Marc Chagall and his beloved Bella would surely have loved this magical synthesis of moving pictures, words, music and song. It is also a glorious and seamless synthesis of the talents of a superb creative and performing team.
Writer Daniel Jamieson and director Emma Rice got to know the couple intimately when they played the roles in an early version of his play. Now they return to realise their vision anew and share it with a new audience. Of course the two multi-talented actors, Marc Antolin and Audrey Brisson, are at the heart of the vision, bodies intertwining as they sing and speak, and seemingly floating above Sophia Clist’s quirky Chagallesque machine for acting on, all crazy angles, rakes, beams and crannies thanks to Etta Murfitt’s choreography and Malcolm Rippeth’s gorgeous, painterly lighting.
Brisson is an accomplished acrobat, her background with Cirque du Soleil, as well as a soprano with a glorious voice and Antolin matches her note-for-note, move-for-move. But there are actually four performers on stage more or less throughout – composer Ian Ross, together with fellow multi-instrumentalist James Gow, plays his own haunting atmospheric music, often with a klezmer vibe as appropriate, underscoring most of the action. And they play a range of supporting roles in the story, moving from side to centre stage as the story demands.
So the production ravishes the senses, it’s a sort of total immersion in the world Chagall creates in his paintings. And happily Jamieson spins the story of the lives and loves, the talents and aspirations of Chagall, and Bella too. He conjures their world in early 20th-century Europe, from Vitebsk to Moscow in the East, to the heady Paris of iconoclastic new art movements, Fauvism and Cubism in the West. So Jamieson effortlessly introduces the promising but poor young artist and the daughter of the wealthy owners of a trio of jewellery shops. Bella’s recollection of their first meeting is deliciously sensual and sexy, wonderfully reinforced by the intertwining of the lovers’ limbs, hers clad in bright scarlet, for Clist’s costumes vividly evoke the figures of the lovers in Chagall’s paintings.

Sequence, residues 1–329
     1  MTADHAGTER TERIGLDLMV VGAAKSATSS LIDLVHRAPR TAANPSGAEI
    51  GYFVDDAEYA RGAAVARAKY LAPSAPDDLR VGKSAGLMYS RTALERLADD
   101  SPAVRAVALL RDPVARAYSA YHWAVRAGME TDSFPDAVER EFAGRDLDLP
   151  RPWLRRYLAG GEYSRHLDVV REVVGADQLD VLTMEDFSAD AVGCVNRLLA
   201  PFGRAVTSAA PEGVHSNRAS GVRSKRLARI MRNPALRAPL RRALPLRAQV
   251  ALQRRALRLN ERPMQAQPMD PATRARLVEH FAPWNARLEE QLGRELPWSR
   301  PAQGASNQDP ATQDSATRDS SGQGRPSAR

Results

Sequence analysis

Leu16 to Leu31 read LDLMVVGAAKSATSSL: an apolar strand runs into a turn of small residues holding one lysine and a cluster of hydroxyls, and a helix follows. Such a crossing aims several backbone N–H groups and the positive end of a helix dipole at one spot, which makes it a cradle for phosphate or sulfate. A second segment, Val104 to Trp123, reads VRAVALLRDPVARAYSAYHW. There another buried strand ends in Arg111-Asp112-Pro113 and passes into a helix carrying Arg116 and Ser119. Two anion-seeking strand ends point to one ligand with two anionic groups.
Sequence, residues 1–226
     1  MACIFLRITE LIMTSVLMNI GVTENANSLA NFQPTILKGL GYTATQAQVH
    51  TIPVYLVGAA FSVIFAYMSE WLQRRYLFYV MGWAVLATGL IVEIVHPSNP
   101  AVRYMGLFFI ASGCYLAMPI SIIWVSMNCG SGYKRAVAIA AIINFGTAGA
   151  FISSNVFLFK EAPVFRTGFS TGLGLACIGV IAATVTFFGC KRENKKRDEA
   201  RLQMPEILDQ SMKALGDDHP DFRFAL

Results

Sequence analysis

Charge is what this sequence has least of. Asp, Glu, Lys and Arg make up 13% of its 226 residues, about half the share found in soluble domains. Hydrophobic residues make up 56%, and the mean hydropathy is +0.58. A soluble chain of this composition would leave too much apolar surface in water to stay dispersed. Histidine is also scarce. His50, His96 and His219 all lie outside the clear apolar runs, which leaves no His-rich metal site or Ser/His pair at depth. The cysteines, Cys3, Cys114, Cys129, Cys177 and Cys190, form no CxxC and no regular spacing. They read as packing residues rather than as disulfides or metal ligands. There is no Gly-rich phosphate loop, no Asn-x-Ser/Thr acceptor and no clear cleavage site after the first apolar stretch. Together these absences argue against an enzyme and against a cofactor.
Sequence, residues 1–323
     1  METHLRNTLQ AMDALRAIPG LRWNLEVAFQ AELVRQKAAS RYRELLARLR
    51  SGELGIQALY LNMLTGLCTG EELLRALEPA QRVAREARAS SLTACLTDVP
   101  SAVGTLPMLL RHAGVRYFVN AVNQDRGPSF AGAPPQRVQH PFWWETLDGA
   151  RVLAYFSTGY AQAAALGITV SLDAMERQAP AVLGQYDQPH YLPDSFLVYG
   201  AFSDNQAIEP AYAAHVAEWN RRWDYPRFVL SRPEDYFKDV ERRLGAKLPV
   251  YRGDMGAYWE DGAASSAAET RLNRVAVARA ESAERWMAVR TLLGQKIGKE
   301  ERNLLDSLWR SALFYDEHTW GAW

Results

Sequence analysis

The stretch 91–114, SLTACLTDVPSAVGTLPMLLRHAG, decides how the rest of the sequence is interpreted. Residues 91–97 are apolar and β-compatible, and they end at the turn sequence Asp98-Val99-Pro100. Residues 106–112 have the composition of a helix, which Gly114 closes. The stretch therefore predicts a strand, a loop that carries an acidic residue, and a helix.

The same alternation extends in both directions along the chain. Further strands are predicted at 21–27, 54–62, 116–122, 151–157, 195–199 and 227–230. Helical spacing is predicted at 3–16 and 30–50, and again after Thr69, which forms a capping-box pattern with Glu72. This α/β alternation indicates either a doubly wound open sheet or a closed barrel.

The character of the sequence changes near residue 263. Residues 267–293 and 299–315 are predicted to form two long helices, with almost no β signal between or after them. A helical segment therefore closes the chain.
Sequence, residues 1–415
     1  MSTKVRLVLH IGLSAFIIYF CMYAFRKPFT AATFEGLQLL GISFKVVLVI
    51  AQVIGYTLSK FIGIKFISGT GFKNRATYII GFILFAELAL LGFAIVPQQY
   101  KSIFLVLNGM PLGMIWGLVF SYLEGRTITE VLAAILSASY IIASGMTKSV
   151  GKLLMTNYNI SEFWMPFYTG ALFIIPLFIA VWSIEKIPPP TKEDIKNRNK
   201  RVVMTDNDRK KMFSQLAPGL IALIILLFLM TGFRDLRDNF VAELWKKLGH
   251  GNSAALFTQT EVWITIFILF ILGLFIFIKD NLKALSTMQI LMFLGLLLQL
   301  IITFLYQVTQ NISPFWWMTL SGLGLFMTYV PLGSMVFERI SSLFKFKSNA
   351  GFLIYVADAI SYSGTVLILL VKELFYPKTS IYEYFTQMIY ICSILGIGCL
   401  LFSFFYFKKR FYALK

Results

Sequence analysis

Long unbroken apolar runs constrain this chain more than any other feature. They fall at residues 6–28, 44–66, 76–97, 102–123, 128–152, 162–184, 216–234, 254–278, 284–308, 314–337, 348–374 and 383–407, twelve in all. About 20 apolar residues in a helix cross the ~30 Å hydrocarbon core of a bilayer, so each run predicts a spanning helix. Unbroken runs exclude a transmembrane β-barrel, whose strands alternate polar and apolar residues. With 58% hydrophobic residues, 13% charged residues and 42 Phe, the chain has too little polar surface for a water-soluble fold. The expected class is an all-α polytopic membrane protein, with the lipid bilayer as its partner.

Both are caught up in the world-changing events of the First World War and the Russian Revolution and are affected by the antisemitism and pogroms that swept across Eastern Europe. Tellingly, this makes the second half altogether a darker and more monochrome affair than the bewitchingly colourful first half. Life in a Moscow torn by war and revolution is dreary for Bella, left alone all day while Chagall seeks to make a living working in an equally dreary bank until he tries to make his mark under the new order.
Unsurprisingly, but almost heartbreakingly, Bella, one of the four brightest students in Russia, subsumes her potential, even as she recognises and encourages her husband’s genius. She reproaches him surprisingly gently for his selfish tunnel vision, especially considering he misses the birth of their daughter Ida by several days because he is absorbed in finishing work on a series of canvases.
Nonetheless Bella gets to take acting classes with Stanislavsky and later works with the legendary Yiddish theatre actor Mikhoels, so it is thanks to her that Chagall is commissioned to paint backdrops for the Jewish Theatre; work that proves to be among his favourite and most fulfilling.
As they migrate across Europe and then flee to America, they take with them the baggage of the world of the shtetl, movingly evoked by objects and animals from the paintings that they carry or wear as headgear – a cockerel here, a cow there, and an etrog (the lemon-like citrus fruit used ritually at the Jewish harvest festival Sukkot) to boot. Thus the stage is peopled not just by the cast of four, but by images of a lost world. At one point it's almost heartbreaking when you see a painting of a fleeing rabbi created by Chagall as he falls into an exhausted sleep, his arms provided by Bella’s (protruding through holes in the canvas), which chimes with the flight of refugees across Europe today, just as Jamieson intended.
Eventually they reach safety in New York and it takes Bella's death during the Second World War to wake Chagall from the solipsistic tunnel vision of the selfish artist and go some way towards realising her potential by publishing her writings before his return to Europe. There his work flowers, he settles with his second wife Valentina, and ends his days in the South of France.
But let’s leave them looking back at the height of their love, early on that glorious morning of his birthday when she surprised him by flitting over his windowsill bearing armfuls of colourful flowers. There’s a gorgeous synaesthesia in a declaration of Chagall's: “My whole life is pervaded by the colour of loving you”, and it’s wonderfully realised in this transcendent production.
By Judi Herman
The Flying Lovers of Vitebsk runs in Bristol until Saturday 11 June, 7.30pm & 2.30pm, £7.50-£30, Bristol Old Vic, BS1 4ED; 0117 987 7877. www.bristololdvic.org.uk
In London from Thursday 16 June – Saturday 2 July, 8pm & 2.30pm, £10-£62, at Shakespeare’s Globe, 21 New Globe Walk, SE1 9DT; 020 7902 1400. www.shakespearesglobe.com
In Southampton from Tuesday 5 – Saturday 9 July, 7.30pm & 2.30pm, £10-£25, Nuffield Theatre, SO17 1TR; 023 8067 1771. www.nuffieldtheatre.co.uk
In Cornwall from Thursday 14 – Sunday 31 July, 7.45pm & 3pm, £14-£32, Lost Gardens of Heligan, PL26 6EN; 01872 262466. www.hallforcornwall.co.uk